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Deleting apps doesn't make their subscription charges go away

January 24, 2022 at 10:00 p.m.

Money was exhausting even before it got linked to our Apple IDs and repackaged in investment apps and turned into blockchain-based cryptocurrencies. As tech mediates more of our lives, it can get even tougher to keep track of our money and how we want to spend it.

Fun date-night suggestion app the Nudge saves me time planning dinner -- but will deleting the app make its recurring charges go away? Is Venmo really the best app for instant payments? And do I need to buy an NFT of my professional headshot before somebody else owns my face?

Q: Stop recurring app subscription charges: This is such a ridiculous question, but I have no idea how to resolve it. My daughter downloaded a couple of apps on her phone (one a celebrity look-alike app, for example). She says she deleted them, but I'm still being charged for them every month. How do I "unsubscribe"? It's an iPhone, if that matters.

A: I don't find your question ridiculous at all! I can't tell you how many times I've kept paying for subscription-based apps without realizing it.

The good news: On an iPhone, you can view all your active and past subscriptions in one place. Go to Settings, then tap on your name at the top. Select Subscriptions, and you should see any active subscriptions associated with your Apple ID. Tap on any app you no longer want to pay for, scroll to the bottom and hit Cancel Subscription. (On newer Android devices, go to Settings -> Google -> Manage Google Accounts -> Payments and Subscriptions -> Manage Subscriptions.)

Keep in mind that if your daughter paid for a monthly or annual subscription to the app, it may still appear under "active" until that month or year is up. If illicit app purchases are an issue, you can always use Apple's parental controls to prevent your kids from charging things to your account. Go to Settings -> Screen Time -> Content & Privacy Restrictions -> iTunes & App Store Purchases. There, you can choose whether your kids are allowed to install apps, delete apps and make in-app purchases.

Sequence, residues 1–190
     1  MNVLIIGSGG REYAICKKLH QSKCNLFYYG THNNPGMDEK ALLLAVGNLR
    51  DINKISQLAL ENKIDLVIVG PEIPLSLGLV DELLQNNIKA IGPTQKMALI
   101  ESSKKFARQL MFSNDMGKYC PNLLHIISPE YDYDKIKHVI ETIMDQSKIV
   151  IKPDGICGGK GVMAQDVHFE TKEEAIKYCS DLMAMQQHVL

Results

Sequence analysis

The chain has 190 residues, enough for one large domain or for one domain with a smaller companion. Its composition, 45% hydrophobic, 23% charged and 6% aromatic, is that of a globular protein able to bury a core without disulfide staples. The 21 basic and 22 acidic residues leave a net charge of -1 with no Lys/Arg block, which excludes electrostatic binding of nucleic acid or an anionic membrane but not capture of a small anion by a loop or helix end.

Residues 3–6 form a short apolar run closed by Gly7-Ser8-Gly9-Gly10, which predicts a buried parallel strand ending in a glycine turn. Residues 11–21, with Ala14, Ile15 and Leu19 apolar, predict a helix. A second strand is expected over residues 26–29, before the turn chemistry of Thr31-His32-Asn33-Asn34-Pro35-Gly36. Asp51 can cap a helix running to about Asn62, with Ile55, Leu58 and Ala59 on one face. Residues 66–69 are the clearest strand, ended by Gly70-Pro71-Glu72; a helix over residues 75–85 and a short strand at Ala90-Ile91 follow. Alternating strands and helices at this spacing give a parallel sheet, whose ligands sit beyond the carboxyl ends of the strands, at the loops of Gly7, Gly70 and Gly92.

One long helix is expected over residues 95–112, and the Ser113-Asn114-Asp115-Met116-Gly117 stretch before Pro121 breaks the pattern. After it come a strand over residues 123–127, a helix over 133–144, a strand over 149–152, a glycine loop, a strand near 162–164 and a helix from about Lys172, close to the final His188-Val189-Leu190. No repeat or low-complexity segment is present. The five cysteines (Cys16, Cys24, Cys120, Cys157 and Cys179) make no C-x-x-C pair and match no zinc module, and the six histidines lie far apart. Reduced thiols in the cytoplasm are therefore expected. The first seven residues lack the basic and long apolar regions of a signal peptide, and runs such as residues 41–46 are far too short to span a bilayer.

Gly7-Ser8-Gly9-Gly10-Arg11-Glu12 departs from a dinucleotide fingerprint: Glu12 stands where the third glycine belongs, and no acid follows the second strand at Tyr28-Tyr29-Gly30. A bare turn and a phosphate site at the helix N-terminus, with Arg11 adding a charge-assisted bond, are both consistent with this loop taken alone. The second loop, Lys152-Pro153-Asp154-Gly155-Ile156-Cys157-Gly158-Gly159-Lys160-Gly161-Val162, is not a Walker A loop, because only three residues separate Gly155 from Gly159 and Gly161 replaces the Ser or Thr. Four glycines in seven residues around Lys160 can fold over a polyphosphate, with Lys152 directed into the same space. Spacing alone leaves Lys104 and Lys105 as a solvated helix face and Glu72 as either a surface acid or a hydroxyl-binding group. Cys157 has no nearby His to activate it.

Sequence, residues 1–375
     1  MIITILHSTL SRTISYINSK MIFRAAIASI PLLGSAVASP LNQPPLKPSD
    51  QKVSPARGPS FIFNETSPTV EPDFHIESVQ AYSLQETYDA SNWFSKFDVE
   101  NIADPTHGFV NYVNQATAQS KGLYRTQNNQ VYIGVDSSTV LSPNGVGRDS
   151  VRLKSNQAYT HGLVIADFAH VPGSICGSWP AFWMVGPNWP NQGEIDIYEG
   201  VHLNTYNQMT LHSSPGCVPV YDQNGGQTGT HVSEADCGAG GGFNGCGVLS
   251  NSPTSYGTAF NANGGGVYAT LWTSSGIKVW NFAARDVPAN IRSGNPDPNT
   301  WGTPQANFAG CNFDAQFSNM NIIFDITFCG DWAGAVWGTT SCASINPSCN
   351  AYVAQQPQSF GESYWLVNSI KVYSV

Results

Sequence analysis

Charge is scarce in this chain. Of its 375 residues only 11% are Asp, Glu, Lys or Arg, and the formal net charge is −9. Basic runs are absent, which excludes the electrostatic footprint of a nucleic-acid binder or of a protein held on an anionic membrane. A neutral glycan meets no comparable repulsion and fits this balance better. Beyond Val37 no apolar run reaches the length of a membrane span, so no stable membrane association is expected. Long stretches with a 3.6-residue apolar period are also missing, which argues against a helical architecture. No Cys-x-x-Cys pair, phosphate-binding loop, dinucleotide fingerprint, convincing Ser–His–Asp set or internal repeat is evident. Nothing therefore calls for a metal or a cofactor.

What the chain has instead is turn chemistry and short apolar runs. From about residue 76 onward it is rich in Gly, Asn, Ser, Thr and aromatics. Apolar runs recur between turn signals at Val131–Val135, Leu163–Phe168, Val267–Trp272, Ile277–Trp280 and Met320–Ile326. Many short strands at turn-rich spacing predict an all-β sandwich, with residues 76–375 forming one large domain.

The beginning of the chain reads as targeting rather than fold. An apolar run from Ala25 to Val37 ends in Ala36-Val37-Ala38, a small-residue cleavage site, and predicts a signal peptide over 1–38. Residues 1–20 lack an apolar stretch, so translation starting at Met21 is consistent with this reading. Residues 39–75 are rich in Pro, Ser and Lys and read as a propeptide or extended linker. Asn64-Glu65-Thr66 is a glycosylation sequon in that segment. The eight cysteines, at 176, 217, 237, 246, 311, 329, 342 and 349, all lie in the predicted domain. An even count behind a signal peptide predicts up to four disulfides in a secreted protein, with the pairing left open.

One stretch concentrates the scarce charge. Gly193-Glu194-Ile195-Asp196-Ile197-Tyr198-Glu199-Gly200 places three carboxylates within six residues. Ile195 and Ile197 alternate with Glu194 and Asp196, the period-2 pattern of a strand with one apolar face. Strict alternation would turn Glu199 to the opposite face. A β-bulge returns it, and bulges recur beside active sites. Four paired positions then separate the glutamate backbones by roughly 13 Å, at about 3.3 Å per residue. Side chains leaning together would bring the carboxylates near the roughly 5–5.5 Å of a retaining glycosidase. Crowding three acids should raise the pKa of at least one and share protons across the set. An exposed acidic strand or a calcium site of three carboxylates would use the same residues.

And if you're struggling with recurring charges more broadly, check out some of the automated tools from They'll walk you through exasperating cancellation policies such as for gym memberships, and even send cancellation requests on your behalf.

Q: NFTs: What do the initials NFT stand for, and why do I have to ask?

A: An NFT is a non-fungible token. Glad we cleared that up! Just kidding -- that wasn't much help. NFTs are receipts of ownership for digital assets, often images like popular memes. NFTs are supposed to be one of a kind, with information about their ownership stored on a public ledger called a blockchain. The non-fungible part means non-replicable.

Some people -- particularly gamers and people who invest in cryptocurrencies like bitcoin -- are really into collecting NFTs. A NFT from a South Carolina-based artist known as Beeple sold for $69 million last year, and my inbox is full of emails from upstart companies declaring themselves the next big thing in the NFT market.

Meanwhile, the rest of us are scratching our heads a little.

I asked Anand Agarawala, co-founder of Spatial, which holds NFT art exhibits in virtual reality, for help explaining what makes NFTs so fun for so many. First, there's the novelty of owning or viewing art in the digital world, just like in the real one. NFTs also help artists monetize their online creations, according to Agarawala.

"Previously, digital artists had a hard time making money because their work could just be copied and pasted," he said. "Now, with the NFT verifying authenticity, they have scarcity like real-world art."

People buy NFTs for unique characters in video games, profile pictures for online forums and even Christmas presents. But not everyone is sold.

"This is a scam," says Swara Ahmed, a gamer and data scientist in Washington, D.C. "This is something that on paper does not make sense: a digital token that cannot be replicated when I can simply copy-paste it."

In other words, NFTs might prove ownership but they don't stop theft, critics say. They're also bad for the environment, Ahmed said, because adding information to a blockchain takes large amounts of computing power.

The fate of NFTs remains to be seen. But with new companies and celebrities jumping on board every day, expect to hear a lot more about them.

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